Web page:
February 3, 2008

Documenting it: Chavez, FARC and the coke trade

Quico says: Last month, Spain's El País caused a stir with this bombshell of an article on the collusion between FARC and the Venezuelan government. The journo, John Carlin, gets major props for digging up the story in detail even before Chávez took his support for FARC public.

Today, The Observer* publishes a revised version of Carlin's story. If anything, this English version is even stronger: better edited, clearer and even more hard hitting. It makes for a devastating indictment of Venezuela's creeping metamorphosis into a narco-state. Some key grafs:
The varied testimonies I have heard reveal that the co-operation between Venezuela and the guerrillas in transporting cocaine by land, air and sea is both extensive and systematic. Venezuela is also supplying arms to the guerrillas, offering them the protection of their armed forces in the field, and providing them with legal immunity de facto as they go about their giant illegal business.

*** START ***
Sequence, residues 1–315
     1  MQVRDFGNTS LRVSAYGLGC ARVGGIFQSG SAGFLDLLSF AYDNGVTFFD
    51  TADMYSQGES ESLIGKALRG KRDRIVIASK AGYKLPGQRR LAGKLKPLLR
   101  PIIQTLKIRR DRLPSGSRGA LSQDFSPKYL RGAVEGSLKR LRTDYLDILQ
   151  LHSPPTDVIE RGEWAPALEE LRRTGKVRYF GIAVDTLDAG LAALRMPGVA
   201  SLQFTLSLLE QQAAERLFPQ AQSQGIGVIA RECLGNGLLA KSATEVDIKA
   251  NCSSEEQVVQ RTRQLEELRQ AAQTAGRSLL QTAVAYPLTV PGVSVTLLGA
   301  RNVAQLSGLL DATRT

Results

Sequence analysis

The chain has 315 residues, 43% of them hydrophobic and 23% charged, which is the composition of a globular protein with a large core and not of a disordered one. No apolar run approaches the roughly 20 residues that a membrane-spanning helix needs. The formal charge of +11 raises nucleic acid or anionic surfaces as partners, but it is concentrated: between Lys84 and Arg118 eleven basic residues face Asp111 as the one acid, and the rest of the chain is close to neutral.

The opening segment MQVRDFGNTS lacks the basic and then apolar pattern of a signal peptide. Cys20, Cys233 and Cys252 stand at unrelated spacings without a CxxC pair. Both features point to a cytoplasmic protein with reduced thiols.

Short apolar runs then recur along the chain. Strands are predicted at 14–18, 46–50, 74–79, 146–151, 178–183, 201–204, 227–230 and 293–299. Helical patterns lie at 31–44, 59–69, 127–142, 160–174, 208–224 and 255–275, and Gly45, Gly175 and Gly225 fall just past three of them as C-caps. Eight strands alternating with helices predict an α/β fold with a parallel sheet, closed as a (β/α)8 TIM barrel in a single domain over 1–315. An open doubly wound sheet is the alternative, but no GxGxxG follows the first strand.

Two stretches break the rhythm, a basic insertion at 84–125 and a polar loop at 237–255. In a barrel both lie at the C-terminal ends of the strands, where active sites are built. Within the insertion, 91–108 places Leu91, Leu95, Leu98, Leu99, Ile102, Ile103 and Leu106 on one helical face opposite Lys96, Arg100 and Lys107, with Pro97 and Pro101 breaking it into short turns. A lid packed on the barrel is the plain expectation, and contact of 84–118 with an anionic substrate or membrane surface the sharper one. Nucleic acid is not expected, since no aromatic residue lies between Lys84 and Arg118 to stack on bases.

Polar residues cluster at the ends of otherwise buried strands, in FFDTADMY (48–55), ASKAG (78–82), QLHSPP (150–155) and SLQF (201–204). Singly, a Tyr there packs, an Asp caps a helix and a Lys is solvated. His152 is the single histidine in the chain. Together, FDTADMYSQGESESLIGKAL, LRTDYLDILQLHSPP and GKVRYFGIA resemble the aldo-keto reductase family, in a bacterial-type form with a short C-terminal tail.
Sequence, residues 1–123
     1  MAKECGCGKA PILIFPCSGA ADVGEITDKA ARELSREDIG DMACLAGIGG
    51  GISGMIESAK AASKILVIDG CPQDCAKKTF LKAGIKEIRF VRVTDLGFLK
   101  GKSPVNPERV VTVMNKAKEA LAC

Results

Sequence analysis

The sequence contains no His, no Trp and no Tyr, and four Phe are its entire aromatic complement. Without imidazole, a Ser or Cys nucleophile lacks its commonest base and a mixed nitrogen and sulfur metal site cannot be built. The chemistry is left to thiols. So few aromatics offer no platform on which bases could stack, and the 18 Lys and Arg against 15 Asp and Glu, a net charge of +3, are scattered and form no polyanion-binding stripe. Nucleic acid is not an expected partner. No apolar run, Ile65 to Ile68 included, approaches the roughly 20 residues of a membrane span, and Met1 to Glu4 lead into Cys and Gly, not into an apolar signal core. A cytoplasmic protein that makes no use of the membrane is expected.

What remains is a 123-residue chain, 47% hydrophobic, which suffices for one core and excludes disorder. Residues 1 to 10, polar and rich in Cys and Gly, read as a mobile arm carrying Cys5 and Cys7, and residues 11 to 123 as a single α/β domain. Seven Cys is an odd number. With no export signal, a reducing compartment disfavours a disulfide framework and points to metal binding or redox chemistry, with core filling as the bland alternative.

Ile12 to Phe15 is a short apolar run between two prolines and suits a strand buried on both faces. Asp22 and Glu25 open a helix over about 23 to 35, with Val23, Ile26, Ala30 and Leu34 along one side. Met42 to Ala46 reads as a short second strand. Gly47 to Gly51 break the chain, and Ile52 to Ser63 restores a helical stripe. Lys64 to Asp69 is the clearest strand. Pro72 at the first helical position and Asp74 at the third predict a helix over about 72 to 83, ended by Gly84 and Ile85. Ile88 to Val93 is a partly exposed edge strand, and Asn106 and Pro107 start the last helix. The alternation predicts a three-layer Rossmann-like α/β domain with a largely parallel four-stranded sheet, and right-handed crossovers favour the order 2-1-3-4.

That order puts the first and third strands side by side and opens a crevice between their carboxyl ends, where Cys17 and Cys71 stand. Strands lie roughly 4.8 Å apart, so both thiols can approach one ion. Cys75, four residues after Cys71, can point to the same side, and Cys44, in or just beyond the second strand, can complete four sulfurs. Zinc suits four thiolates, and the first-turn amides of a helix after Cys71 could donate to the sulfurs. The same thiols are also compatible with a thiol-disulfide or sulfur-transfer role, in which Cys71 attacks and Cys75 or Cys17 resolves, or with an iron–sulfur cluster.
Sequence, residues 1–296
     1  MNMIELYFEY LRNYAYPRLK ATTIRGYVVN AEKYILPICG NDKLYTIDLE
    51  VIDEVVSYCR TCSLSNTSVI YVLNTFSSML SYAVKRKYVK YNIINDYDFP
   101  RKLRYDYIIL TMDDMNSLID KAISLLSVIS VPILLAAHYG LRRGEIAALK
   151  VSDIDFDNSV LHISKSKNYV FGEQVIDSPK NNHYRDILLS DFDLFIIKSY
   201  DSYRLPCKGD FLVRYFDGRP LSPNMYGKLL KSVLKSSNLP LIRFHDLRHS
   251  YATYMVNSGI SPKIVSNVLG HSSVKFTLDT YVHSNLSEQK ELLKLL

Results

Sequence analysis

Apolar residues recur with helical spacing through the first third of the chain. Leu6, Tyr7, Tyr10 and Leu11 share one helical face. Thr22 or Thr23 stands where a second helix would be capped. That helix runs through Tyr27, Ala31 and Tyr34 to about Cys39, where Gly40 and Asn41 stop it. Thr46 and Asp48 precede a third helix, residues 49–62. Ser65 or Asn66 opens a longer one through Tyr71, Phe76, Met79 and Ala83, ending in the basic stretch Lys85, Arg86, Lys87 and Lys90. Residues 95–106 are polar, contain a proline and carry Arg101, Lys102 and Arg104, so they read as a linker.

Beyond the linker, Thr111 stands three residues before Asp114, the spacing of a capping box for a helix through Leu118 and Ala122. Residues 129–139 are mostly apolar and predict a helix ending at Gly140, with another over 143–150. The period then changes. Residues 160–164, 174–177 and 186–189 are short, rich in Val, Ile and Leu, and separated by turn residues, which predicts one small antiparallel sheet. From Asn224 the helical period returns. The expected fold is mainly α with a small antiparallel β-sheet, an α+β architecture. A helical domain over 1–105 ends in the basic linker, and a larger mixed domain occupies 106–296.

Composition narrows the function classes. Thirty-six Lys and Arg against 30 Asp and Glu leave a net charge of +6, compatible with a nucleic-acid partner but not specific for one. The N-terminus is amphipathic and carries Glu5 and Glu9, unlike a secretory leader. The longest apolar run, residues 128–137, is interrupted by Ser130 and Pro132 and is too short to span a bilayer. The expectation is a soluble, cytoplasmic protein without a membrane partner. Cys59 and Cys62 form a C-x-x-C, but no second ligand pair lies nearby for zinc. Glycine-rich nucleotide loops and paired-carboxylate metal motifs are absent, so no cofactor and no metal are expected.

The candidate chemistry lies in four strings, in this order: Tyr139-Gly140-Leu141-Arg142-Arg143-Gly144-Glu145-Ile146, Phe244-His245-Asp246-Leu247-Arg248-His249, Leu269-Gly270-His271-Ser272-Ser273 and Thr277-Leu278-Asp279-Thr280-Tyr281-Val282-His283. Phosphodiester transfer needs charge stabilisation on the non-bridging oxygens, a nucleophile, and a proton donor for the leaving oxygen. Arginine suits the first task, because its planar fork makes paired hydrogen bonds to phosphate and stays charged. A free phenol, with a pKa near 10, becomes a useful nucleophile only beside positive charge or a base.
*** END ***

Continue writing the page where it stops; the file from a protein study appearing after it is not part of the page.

Thirty per cent of the 600 tons of cocaine smuggled from Colombia each year goes through Venezuela. Most of that 30 per cent ends up in Europe, with Spain and Portugal being the principal ports of entry. The drug's value on European streets is some £7.5bn a year.

The infrastructure that Venezuela provides for the cocaine business has expanded dramatically over the past five years of Chávez's presidency, according to intelligence sources. Chávez's decision to expel the US Drug Enforcement Administration from his country in 2005 was celebrated both by Farc and drug lords in the conventional cartels with whom they sometimes work. According to Luis Hernando Gómez Bustamante, a Colombian kingpin caught by the police last February, 'Venezuela is the temple of drug trafficking.'
Sobering stuff. You really can't afford not to read the whole thing.

* for reasons I could never quite fathom, English newspapers are run by a separate editorial staff on Sundays, and publish under a different name. The Observer is basically The Guardian in its Sunday best.